Central African churches aid victims of warlord Joseph Kony

The Lord's Resistance Army has abducted hundreds of children and forced them to become child soldiers. Photo: L. Rose/Wikimedia Commons
The Lord's Resistance Army has abducted hundreds of children and forced them to become child soldiers. Photo: L. Rose/Wikimedia Commons
Published June 8, 2012

In the Central African Republic, churches are aiding victims of the violence associated with Ugandan warlord Joseph Kony and his rebel group, the Lord’s Resistance Army (LRA).

“Since we are humanitarian and social [organizations] as churches, we are paying great attention to the suffering and needs of these people,” the Rev. Andre Golike, President of the Evangelical Lutheran Church in Central African Republic told ENInews in a telephone interview on June 7.

Kony was thrust into the limelight by the film Kony 2012, made by a U.S. nonprofit called Invisible Children Inc., which said it sought to make him “famous” to influence his capture. The film has been viewed more than 90 million times on www.youtube.com.

On June 7, the U.S. House of Representatives’ foreign affairs committee unanimously passed a resolution expressing support for U.S. efforts to assist African forces in the hunt for Kony. “The LRA continues its reign of terror in central Africa – abducting, killing and mutilating. It is long past time that Joseph Kony and his commanders be stopped once and for all,” said Rep. Ed Royce, a California Republican and co-author of the bipartisan resolution.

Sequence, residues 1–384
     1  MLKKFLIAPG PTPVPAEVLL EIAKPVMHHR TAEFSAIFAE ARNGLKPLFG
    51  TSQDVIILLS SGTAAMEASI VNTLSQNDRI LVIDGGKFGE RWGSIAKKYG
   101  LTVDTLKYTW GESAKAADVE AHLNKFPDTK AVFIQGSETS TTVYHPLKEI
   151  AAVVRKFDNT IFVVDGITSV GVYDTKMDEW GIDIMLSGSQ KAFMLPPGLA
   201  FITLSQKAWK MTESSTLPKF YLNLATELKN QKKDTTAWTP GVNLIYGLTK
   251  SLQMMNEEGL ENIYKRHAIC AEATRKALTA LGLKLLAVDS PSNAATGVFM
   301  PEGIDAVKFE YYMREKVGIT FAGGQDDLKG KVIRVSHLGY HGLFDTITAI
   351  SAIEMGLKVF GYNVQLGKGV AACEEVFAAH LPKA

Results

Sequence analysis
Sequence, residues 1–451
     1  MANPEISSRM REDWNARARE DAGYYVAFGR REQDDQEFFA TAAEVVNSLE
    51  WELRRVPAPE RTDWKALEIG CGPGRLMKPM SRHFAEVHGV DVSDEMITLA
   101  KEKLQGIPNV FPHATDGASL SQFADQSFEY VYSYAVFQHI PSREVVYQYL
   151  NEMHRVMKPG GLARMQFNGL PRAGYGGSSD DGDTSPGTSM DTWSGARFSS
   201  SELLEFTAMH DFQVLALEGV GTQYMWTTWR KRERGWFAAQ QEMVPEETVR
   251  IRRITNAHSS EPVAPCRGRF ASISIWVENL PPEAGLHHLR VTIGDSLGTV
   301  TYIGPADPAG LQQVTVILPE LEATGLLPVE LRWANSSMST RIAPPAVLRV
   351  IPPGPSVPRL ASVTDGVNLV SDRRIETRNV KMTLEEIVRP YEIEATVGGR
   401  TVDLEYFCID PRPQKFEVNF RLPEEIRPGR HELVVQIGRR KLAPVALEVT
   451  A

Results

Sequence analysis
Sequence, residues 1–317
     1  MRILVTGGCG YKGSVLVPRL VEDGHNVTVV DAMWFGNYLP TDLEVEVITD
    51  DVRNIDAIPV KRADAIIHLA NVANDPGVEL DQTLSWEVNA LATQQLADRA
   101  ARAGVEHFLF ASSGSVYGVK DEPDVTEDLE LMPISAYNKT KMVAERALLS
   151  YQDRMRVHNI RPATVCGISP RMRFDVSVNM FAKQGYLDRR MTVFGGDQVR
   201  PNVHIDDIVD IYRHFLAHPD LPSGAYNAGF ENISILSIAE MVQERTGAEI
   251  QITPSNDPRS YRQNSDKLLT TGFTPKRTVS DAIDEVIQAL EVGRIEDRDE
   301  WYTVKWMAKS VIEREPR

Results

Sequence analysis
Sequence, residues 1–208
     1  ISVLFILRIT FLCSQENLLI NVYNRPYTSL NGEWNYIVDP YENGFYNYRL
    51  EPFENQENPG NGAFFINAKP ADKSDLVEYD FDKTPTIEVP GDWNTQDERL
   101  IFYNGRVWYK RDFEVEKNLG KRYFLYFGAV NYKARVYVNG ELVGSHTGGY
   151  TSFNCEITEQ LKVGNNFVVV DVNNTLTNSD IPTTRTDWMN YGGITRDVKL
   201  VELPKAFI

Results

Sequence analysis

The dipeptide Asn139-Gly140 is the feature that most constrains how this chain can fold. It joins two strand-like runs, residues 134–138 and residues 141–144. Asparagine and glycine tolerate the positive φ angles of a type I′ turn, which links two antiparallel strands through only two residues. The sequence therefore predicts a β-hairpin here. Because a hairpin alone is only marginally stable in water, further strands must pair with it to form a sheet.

Small teams of U.S. troops are assisting African forces in the hunt for Kony. The resolution backed that mission. “This is a mission led by Africans for Africans. But some small, targeted U.S. assistance can go a long way … A large spotlight has been cast on [Kony’s] evil. He will be found. He will get justice,” said Royce.

Golike said the church is helping refugees become self-sufficient. “We found out that seeds and tools were an urgent need for them. We have been giving them these items so that they can grow their own food,” he said.

Nearly 440,000 people have been displaced across the borders of the Central African Republic, the Democratic Republic of Congo and South Sudan since 2008, according to the U.N.

Kony’s campaign of terror is centered on a bizarre form of Christianity. He fled his native northern Uganda into the dense Congo forest in 2005.

U.N. Secretary General Ban Ki-moon reported on June 6 that the LRA has abducted at least 591 children between July 2009 and February 2012, turning boys into fighters or supporters and girls into sex slaves.

“Girls who spent a substantial period of time associated with the group reported to have been subject to sexual slavery and exploitation, including by being forcibly “married” to combatants. Some children were forced to use violence, including killing their friends or other children in the armed group,” said Moon in a report to the U.N. Security Council.

Some have been fleeing into the care of Roman Catholic bishop Juan Jose Aguirre of the diocese of Bangassou, who has been providing shelter, food and medicines for the former child soldiers.

“Those who manage to escape, they are traumatized, terrified and with no self-esteem. Many of the girls are also pregnant (after being subjected to sexual abuse),” said Aguirre, who supported the film Kony 2012.

Kony was indicted in 2005 by the International Criminal Court in The Hague in the Netherlands for crimes against humanity.


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